By Brian CHERNICK
Glendale City Council and Metrolink celebrated on Jan. 25 the establishment of the city’s first three railroad “Quiet Zones” at the Sonora Avenue, Grandview Avenue and Flower Street crossings along San Fernando Road. The quiet zones went into effect Jan. 28 and will be on a 24-hour, seven days a week basis.
Ordinarily, trains that pass through intersections and crossings are required to sound their horns to alert drivers and pedestrians. Quiet zones bar trains from doing so in designated areas except in an emergency. The ordinance is expected to significantly reduce the amount of noise pollution throughout the neighborhoods that border the train tracks.
Joining Glendale Mayor Paula Devine at Pelanconi Park were city council member Ara Najarian, who sits as second vice-chair on the Metrolink board, Glendale’s director of Public Works Roubik Golanian, Metrolink CEO Art Leahy and board chair Andrew Kotyuk.
“I live way up in the hills and I can hear [the train horn],” Devine said. “So I can imagine the joy of those who live this area [having the quiet zone established].”
Devine gave thanks to the collaboration of the city’s public works department, rail authorities and community members for helping to establish the first quiet zone in Los Angeles County on a Metrolink-served line. Los Angeles now joins San Jacinto and Orange County, which previously established quiet zones along the same corridor.
Nearly 100 trains pass through Glendale daily and this is the most frequently traveled corridor in California. The limiting of train noises within the city will be a welcomed improvement to the community as it has been a recurring request by residents.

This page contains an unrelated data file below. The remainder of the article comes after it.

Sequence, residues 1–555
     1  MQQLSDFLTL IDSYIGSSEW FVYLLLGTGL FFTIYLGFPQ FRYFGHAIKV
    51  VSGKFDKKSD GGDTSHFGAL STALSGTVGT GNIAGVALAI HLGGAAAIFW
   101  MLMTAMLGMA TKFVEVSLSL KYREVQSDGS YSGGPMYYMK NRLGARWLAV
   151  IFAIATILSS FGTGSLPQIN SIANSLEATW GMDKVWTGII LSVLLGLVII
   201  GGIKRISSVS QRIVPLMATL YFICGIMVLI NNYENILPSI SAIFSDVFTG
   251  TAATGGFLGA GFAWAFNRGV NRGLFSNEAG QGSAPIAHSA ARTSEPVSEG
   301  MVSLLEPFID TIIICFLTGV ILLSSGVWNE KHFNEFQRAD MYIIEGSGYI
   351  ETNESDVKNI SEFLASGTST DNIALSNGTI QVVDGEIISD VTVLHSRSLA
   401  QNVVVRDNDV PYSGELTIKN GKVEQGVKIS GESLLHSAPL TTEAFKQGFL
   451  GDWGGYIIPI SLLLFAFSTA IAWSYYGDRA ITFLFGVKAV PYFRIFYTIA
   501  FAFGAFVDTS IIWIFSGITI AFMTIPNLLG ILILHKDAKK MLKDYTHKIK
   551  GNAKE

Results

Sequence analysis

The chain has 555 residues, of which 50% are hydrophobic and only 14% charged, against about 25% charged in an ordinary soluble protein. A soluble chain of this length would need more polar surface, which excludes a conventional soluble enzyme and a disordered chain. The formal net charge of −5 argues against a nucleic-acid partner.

The ceremony came on the eve of the fatal 2005 Metrolink crash where a southbound Metrolink train collided with a vehicle that was intentionally abandoned on the tracks at the Chevy Chase Drive crossing in Glendale.
“The focus here is to stop collisions, stop fatalities, along railroad crossings,” Kotyuk said while congratulating Glendale on developing safer crossings through the city.
Efforts to establish quiet zones began in 2007 when the City of Glendale and Metrolink formed a joint operation to improve safety measures along the corridor. Measures including improved traffic lights, street lighting, medians and pedestrian gates were installed, which allowed the city to eventually file for quiet zone ordinances.
“These planned, measured and focused improvements not only created safer crossings at these three locations but also automatically qualified them to apply for a quiet zone,” Golanian said during his remarks.
The city plans to expand quiet zones to other crossings as soon as adequate safety measures are met and city filings are processed and approved.